Like an open book, you watched me grow from conception to birth; all the stages of my life were spread out before you. The days of my life were all prepared before I’d even lived one day. – Psalm 139:16, The Message Bible
This past August, I was invited to speak to the student body of a popular Palm Beach County high school.
The topic of my presentation was the 1963 March on Washington, which I attended while I was yet a high school student. I was approached by several students following my presentation and they were each positively impacted by what I shared. One young man, black, articulate and anxious to have a private moment with me, was gravely concerned about his future. It was apparent to him that, because he was poverty-stricken and considered, at least in his mind, culturally inferior, he was doomed and headed for failure. We exchanged phone numbers and, later that week, I spoke to him and his family. They posed what seems to be life’s ultimate question: “What on earth are we here for?”
In his book, In Pursuit of Purpose, Dr. Myles Munroe says, “The greatest tragedy in life is not death, but life without reason. It is dangerous to be alive and not know why you are given life.”
Fortunately, the answers to life’s challenges of reason and purpose are given to us in God’s Word. One of those answers is in Psalm 139, where the writer David found his reason, and purpose, in God, who was a confidant who knew him completely, a companion who never left him and a creator who custom-made him – on purpose. It is comforting to know that God has not only created each of us with purpose but has also equipped us with everything we need to fulfill our purpose.
Every living creature is made up of cells so small that the letter “O” in this article would contain approximately 30,000 of them. Each microscopic cell is a world in itself, containing an estimated 200 trillion tiny molecules of atoms. Each cell is a micro-universe of unbelievable complexity. And all these cells put together make up a living creature. Every minute of every day, some three billion cells in the body die and the same number are created to take their place. And none of this happens by chance. It all happens because of the mind and hand of God.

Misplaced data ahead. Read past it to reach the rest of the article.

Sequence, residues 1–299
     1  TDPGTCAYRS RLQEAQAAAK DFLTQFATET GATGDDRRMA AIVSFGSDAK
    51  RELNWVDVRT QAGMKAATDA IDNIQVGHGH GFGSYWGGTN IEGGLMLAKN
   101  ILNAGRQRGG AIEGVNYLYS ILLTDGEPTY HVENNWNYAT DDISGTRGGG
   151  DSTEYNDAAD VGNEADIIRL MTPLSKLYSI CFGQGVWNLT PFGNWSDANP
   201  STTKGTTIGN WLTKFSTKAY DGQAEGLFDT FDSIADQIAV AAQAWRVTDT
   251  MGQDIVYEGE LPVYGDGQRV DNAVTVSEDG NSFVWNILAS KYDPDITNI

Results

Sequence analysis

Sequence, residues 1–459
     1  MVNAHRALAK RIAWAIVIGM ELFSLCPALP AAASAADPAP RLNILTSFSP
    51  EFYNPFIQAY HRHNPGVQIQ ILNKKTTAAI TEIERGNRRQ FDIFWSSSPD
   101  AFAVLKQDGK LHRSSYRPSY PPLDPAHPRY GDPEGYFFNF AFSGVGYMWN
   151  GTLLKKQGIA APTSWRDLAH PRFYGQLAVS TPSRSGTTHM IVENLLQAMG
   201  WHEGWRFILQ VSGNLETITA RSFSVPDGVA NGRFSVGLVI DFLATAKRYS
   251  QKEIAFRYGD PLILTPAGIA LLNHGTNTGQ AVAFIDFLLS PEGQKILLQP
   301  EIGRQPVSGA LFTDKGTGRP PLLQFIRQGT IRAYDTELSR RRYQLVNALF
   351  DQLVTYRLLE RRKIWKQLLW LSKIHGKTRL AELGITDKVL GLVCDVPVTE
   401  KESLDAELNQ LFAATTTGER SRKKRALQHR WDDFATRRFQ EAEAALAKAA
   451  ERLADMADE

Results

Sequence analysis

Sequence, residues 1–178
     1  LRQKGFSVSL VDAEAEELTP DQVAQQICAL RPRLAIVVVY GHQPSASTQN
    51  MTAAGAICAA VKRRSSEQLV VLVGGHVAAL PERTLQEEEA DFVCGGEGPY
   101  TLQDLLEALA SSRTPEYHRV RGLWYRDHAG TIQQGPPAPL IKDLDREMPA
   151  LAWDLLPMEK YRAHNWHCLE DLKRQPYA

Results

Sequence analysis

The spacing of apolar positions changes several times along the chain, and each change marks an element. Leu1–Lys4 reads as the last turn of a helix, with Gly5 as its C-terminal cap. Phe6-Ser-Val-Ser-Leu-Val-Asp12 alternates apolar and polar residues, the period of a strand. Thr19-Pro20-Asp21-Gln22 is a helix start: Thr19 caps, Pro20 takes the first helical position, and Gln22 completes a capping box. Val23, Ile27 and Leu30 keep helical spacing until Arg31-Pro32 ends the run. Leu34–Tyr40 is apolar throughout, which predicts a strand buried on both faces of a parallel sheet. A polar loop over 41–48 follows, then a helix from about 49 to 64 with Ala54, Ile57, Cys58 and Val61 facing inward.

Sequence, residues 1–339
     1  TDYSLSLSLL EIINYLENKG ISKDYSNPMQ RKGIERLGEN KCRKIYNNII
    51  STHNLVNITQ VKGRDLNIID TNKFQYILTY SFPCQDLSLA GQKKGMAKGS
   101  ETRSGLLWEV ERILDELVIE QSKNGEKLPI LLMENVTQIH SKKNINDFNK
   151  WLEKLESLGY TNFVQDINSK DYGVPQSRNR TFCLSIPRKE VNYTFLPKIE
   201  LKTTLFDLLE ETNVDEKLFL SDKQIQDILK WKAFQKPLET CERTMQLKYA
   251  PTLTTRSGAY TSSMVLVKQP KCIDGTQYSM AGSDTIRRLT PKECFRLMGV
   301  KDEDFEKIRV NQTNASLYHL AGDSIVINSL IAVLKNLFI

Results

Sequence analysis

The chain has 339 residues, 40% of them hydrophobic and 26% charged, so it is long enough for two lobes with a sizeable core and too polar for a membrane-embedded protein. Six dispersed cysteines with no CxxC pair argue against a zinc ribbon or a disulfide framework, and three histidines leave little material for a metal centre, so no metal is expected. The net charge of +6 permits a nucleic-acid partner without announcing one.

The texture of the human body is the most complicated and curious that can be conceived. It is, indeed, wonderfully made and it is so exquisitely nice and delicate that the slightest accident may impair or destroy in a moment some of those parts essential to the continuance of life; therefore, we are fearfully made. And God has done so to show us our frailty, that we should walk with death, keeping life in view, and feel the necessity of depending on the all-wise and continual superintending care and providence of God.
So I told that young man in Palm Beach County, “You are not better but definitely not inferior.” I told him, and I encouraged his parents, with words like, “You are black, bold, beautiful, bad to the bone, undeniably, unapologetically, unquestionably and unashamedly.”
And, each of us, we are individually as wise and as gifted as anyone else. We are not inferior because of our sex, our color, our complexion, our condition, our culture or our community. We are only inferior if we do not carefully consider our purpose and fully commit ourselves to it. We are beautifully and wonderfully made. Thank God for who we are!
Pray this prayer: No matter the plots, plays and plagues of the enemy, O God, your plans for me will always supersede, surpass and supplant those of the devil. My feet are planted, my thoughts are pleasant and I pray that my ways are pleasing to you. Lord, this day, and every day, I will not be defeated, because you planned my life before I was born. So I know that whatever happens is intended to drive me toward my purpose. Thank you for your plans for my life. Amen
Walter T. Richardson is pastor-emeritus of Sweet Home Missionary Baptist Church in South Miami-Dade County and chairman of the Miami-Dade Community Relations Board. He may be contacted at wtrichardson@Bellsouth.net. Website: WTRMinistries.com